St. Benedict: Model of Spiritual Fatherhood

On July 11th, we celebrate the feast of the great father of monks, St. Benedict of Nursia (480-547). He recognized that in order to live out the Gospel message, we need to make a strong commitment of our whole lives,

On July 11th, we celebrate the feast of the great father of monks, St. Benedict of Nursia (480-547). He recognized that in order to live out the Gospel message, we need to make a strong commitment of our whole lives, holding nothing back. He also realized that we can do this more easily with the support of committed brothers. The monks together live a life of regularity in obedience, prayer, work, penance, and communal life. 

The second half of Kings of Summer focuses on the theme of spiritual fatherhood to push us out of acedia. God is calling us as men to exercise a spiritual fatherhood, no matter our state in life, in order to support and defend others, guiding them to Christ and helping them to follow his will. A father gives life and nourishes it, and there are many ways we can do this, including but also going beyond biological fatherhood.

Benedict, for instance, saw the monastery as a family, with the abbot having the role of father. It is what the name means, coming from the Aramaic abba. The abbot is a man who lives for others, investing himself in the life of his monks to help them to grow and to follow Christ. He does not think primarily of himself and his own needs. 

Chapter 64 of Benedict’s great Rule, which covers the election of the abbot, states that the abbot must serve rather than be served, in imitation of Christ. To fulfill his role properly, “It behooves him therefore to be learned in the divine law, that he may thence bring forth things new and old; to be chaste, sober, merciful; and let him always exalt mercy above judgment, that himself may attain it. Let him hate the faults, let him love the brethren. In the matter of correction, let him act prudently and not too severely, lest while he desires to scrape off the rust too much the vessel be broke … and let him take pains to be loved rather than to be feared. Let him not be full of commotion nor anxious, let him not be over-bearing nor obstinate, jealous nor too suspicious.”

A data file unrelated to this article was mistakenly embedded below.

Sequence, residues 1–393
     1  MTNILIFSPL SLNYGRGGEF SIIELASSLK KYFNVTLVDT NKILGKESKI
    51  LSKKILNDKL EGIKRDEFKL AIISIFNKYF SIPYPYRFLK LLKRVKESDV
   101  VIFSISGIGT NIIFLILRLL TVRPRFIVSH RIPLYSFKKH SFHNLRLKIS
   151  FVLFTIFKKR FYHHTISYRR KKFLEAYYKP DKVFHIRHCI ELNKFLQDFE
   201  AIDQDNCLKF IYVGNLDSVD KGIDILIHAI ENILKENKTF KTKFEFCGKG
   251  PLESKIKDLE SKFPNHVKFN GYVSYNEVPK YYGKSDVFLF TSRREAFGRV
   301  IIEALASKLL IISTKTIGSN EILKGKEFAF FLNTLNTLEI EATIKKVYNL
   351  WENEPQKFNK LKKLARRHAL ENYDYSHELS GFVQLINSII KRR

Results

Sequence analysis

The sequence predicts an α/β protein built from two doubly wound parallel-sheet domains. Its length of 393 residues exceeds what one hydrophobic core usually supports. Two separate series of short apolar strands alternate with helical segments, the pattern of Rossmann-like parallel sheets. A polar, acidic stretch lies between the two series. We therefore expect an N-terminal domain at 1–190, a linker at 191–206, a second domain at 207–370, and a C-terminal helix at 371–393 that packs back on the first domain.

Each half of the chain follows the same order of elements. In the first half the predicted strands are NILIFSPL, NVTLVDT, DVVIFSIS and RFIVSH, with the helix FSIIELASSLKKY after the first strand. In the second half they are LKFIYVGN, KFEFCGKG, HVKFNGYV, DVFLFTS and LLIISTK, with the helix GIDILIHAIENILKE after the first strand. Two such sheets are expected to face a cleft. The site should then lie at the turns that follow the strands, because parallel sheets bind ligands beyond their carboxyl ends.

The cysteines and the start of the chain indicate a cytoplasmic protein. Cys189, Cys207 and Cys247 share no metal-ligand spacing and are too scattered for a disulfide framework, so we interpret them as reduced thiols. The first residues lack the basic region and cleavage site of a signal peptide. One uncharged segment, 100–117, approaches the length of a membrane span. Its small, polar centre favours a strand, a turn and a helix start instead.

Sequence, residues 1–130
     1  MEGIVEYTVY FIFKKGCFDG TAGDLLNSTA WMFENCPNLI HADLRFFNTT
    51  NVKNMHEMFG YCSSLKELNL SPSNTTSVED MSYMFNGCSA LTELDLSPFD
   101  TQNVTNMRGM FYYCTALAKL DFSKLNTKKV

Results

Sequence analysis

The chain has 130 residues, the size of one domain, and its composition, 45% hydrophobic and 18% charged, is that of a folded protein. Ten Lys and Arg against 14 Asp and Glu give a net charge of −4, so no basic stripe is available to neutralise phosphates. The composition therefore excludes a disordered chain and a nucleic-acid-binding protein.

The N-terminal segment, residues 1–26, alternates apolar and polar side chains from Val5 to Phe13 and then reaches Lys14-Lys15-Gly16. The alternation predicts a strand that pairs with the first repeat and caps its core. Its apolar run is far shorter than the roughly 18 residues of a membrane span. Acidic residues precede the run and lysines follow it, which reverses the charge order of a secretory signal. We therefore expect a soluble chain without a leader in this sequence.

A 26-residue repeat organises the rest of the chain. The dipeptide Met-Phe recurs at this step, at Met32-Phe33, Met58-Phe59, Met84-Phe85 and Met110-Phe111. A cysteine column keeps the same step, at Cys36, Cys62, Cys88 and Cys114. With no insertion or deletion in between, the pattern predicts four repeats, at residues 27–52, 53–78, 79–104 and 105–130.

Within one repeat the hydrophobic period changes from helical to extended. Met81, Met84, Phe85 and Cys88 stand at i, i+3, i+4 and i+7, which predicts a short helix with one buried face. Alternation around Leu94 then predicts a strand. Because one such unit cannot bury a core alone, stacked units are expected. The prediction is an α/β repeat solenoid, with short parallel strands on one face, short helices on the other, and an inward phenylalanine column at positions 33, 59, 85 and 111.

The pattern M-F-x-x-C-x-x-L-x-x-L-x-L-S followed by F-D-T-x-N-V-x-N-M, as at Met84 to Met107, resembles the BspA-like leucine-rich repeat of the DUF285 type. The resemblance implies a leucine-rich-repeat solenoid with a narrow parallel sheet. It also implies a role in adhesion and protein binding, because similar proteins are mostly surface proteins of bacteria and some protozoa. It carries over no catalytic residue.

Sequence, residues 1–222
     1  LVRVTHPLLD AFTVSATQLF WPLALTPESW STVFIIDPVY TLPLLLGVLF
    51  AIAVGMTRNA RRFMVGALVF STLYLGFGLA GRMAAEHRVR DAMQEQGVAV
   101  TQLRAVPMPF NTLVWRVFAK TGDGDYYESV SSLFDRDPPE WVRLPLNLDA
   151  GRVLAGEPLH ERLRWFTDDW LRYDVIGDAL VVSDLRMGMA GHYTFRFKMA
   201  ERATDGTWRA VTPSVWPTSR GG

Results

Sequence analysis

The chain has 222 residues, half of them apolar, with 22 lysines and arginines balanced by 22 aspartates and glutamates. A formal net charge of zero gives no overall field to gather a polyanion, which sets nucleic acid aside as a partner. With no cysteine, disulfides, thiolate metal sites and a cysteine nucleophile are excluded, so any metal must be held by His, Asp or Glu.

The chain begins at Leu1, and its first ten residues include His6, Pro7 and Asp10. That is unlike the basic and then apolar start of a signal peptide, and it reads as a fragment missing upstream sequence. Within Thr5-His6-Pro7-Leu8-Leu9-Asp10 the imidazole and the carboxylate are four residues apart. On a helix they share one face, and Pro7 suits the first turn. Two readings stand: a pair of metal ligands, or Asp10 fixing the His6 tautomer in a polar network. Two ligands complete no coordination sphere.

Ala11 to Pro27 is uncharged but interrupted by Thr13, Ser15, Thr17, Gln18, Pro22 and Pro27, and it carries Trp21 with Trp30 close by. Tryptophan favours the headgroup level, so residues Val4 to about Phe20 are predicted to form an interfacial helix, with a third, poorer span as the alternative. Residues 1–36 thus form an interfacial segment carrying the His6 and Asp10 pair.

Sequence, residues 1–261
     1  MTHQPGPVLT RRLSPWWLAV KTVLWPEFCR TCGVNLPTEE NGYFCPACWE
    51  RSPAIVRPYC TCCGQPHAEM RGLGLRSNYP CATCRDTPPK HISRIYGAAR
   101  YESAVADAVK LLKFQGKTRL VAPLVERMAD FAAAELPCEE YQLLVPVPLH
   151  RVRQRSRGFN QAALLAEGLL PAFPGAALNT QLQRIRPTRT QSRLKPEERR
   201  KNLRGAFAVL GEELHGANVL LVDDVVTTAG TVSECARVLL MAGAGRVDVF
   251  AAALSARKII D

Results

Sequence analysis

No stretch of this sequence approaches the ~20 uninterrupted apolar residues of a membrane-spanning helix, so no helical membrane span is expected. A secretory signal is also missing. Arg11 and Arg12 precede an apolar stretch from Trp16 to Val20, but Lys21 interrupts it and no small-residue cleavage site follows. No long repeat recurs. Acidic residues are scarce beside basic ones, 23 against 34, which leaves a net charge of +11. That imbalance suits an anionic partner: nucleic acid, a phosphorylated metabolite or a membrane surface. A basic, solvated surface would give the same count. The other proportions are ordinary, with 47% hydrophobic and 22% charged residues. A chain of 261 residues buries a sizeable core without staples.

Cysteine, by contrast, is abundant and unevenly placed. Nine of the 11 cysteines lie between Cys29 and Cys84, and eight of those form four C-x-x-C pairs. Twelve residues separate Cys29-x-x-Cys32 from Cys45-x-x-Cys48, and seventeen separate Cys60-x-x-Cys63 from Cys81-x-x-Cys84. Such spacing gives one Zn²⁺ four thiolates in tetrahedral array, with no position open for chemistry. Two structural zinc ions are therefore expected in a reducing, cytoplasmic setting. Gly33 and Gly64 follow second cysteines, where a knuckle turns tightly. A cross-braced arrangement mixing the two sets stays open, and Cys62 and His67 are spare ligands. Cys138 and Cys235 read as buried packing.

Benedict paints a picture of the men we must strive to become if we are to be a spiritual father to others. Ultimately, it means being like Christ, the good shepherd who laid his life down for his sheep. If we live like this, we help others to come to life in Christ.

St. Benedict serves a model for Exodus Men not only for this spiritual fatherhood, but also because he embodies our way of life rooted in prayer, asceticism, and fraternity.

Who’s been the king of your Summer? Start overcoming Summer sloth today by reading through 2 Samuel with us and following King David’s example!


Dr. Staudt serves as Director of Content for Exodus and as an Instructor for the Lay Division of St. John Vianney Seminary. He is the author of How the Eucharist Can Save Civilization (TAN), Restoring Humanity: Essays on the Evangelization of Culture (Divine Providence Press) and The Beer Option: Brewing a Catholic Culture Yesterday & Today (Angelico Press). He holds a Ph.D. in systematic theology from Ave Maria University and B.A. and M.A. in Catholic Studies from the University of St. Thomas (St. Paul, MN). He and wife, Anne, have six children and he is a Benedictine oblate.

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